The Pentagon's decision to end the ban on women in ground combat recognizes that women already serve in war zones in many capacities, sometimes finding themselves in the thick of battle.
More than 150 women have died in battles in Iraq and Afghanistan. There are female combat pilots.
So it's appropriate for Defense Secretary Leon Panetta and Army Gen. Martin Dempsey, the chairman of the Joint Chiefs of Staff, to end the prohibition.
But it is essential our military leaders decide how best to execute the change.
They must not be forced to compromise physical standards or ignore the extra stress the policy might cause.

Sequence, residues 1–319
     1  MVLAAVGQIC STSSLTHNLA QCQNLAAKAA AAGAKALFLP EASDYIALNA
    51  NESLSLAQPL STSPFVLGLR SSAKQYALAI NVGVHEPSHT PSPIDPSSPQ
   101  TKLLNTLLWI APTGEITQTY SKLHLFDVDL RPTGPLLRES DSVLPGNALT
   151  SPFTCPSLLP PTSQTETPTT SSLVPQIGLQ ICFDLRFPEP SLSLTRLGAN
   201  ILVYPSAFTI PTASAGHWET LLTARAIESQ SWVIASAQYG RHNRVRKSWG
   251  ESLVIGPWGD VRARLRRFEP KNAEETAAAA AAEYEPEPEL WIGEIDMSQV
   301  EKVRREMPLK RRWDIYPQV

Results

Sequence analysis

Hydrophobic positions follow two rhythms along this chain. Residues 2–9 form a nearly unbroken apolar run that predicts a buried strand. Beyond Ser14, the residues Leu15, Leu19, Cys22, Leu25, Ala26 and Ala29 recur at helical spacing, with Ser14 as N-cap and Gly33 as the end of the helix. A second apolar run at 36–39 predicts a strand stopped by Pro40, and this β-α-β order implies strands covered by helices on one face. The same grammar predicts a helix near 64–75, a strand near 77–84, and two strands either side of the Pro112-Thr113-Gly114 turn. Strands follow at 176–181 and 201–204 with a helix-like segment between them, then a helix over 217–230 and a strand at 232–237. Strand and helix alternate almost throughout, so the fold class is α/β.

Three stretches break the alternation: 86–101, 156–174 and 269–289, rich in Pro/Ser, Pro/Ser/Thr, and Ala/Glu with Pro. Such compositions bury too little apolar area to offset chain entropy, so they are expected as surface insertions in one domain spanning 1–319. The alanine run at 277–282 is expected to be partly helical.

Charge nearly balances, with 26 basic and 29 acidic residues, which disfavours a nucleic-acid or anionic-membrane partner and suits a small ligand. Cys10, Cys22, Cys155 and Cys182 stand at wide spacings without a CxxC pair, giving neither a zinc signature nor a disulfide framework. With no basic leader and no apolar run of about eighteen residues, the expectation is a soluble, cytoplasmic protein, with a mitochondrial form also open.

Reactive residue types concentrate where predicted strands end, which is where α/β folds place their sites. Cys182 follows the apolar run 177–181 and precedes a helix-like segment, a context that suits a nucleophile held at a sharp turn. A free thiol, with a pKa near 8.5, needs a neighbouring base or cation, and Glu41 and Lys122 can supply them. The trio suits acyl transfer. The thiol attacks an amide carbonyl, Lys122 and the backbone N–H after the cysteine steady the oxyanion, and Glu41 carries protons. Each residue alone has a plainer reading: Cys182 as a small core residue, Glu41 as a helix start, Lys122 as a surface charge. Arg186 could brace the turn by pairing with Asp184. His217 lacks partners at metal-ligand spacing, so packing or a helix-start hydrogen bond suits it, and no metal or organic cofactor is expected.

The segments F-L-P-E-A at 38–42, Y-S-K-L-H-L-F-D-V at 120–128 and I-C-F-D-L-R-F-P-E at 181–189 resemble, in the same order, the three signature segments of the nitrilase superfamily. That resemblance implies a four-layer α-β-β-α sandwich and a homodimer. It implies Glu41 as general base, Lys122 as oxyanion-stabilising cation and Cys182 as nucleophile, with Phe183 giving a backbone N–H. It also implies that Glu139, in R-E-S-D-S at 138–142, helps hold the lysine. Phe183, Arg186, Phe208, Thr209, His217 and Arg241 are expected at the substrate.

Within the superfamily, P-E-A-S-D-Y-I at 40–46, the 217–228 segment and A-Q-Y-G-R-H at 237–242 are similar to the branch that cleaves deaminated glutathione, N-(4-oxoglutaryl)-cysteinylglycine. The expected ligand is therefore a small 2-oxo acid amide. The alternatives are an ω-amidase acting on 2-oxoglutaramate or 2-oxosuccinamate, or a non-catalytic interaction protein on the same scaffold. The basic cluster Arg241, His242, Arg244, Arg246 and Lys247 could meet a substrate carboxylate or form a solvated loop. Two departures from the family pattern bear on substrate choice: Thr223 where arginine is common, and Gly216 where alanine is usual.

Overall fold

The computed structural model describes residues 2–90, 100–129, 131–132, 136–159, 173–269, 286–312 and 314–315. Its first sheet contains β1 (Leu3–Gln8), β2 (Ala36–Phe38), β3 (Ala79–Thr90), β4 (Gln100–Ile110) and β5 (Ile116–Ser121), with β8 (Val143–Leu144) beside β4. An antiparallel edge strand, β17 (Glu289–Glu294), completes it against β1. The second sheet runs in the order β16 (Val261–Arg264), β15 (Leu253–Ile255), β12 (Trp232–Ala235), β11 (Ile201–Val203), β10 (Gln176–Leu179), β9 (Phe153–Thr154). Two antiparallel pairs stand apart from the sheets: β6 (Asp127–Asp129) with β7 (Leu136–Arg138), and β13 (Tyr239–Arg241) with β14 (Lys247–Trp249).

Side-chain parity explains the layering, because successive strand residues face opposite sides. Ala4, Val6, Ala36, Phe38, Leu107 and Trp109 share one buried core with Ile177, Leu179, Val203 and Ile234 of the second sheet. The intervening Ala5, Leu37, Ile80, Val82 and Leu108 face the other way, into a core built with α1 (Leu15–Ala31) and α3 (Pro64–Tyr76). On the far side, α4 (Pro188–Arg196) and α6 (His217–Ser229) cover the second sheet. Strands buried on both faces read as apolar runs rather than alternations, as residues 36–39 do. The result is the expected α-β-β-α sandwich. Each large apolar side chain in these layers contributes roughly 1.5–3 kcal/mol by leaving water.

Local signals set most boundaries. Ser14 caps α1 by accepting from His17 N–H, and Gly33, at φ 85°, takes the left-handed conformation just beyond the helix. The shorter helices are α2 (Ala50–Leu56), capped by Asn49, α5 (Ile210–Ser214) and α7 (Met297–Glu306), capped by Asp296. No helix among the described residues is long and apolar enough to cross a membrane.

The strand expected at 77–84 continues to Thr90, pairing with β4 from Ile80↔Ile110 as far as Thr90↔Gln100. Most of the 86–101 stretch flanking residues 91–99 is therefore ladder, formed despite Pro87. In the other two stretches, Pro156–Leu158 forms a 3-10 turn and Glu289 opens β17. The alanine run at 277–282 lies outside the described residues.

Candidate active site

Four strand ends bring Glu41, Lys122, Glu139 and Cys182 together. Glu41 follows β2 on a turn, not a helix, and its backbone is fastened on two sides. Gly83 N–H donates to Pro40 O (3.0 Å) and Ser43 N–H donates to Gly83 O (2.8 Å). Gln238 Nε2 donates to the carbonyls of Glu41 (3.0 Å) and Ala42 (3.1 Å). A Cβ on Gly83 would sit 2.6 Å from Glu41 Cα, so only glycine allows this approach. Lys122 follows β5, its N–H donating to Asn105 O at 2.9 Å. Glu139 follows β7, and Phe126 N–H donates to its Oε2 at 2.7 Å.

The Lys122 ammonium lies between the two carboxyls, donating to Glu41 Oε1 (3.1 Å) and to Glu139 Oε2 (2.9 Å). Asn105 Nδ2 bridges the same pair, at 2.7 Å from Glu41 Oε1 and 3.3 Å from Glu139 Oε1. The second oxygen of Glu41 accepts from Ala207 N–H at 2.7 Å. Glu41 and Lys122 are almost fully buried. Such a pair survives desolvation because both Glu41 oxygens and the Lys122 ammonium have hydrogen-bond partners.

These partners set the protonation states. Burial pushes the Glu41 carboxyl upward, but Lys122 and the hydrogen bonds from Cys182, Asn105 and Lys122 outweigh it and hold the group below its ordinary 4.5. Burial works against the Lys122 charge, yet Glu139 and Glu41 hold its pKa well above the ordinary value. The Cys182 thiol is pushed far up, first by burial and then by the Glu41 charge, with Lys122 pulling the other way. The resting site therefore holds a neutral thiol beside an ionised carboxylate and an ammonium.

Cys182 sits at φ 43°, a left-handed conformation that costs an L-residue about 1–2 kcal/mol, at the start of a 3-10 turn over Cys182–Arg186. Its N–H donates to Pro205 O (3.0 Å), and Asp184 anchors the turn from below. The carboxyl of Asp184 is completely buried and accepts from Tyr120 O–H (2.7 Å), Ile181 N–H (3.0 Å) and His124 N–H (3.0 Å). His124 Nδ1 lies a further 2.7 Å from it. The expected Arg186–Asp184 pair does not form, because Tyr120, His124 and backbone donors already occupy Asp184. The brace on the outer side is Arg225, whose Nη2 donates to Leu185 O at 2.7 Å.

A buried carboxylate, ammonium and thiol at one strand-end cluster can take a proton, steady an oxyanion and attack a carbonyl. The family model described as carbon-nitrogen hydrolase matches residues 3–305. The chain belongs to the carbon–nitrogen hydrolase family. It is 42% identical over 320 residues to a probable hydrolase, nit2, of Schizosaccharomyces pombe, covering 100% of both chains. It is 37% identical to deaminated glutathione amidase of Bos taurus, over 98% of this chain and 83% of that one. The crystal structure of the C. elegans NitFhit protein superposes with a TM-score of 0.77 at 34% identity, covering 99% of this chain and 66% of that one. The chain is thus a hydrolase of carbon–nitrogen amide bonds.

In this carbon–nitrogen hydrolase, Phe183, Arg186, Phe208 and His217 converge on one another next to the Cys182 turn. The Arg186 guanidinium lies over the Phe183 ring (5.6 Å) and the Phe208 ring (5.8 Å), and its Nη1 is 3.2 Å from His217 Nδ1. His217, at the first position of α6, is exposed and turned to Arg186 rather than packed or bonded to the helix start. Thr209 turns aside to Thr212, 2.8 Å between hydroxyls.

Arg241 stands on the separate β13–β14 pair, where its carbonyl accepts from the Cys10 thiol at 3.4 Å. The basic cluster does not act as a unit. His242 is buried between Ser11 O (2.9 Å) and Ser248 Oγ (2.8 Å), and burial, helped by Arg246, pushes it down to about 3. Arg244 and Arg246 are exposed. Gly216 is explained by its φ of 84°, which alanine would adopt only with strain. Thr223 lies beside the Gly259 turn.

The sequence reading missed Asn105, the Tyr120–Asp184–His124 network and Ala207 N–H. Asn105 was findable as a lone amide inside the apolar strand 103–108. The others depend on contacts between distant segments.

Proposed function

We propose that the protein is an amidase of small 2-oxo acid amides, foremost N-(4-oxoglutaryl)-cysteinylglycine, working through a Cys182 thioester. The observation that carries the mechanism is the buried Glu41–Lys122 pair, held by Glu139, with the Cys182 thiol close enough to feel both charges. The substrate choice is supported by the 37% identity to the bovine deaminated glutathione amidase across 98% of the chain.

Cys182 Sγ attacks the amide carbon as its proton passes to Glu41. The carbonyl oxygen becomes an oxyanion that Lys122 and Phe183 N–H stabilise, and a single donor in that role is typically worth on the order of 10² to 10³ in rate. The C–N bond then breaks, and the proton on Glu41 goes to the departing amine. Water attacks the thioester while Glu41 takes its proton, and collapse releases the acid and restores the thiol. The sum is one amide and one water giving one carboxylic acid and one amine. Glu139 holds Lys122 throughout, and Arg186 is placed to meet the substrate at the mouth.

Combat troops sometimes endure incredibly vile conditions that don't permit privacy.
It would be as irresponsible to dismiss the challenges this change could cause as it would be to dismiss a woman's ability to serve effectively in combat.
Maren Leed, an analyst at the Center for Strategic and International Studies, told The Wall Street Journal he doubted the rule would enable women to become "full-up Navy SEALs," but "it probably means there will be subspecialties within the SEALS for which they are eligible."
We imagine, eventually, some women will qualify for even the most strenuous assignments, and a woman's presence in a fighting unit will become routine.
What's not needed is for Congress to interfere, demanding parity based strictly on numbers.
For this dramatic policy change to be a success, the military, not Washington, must be in command.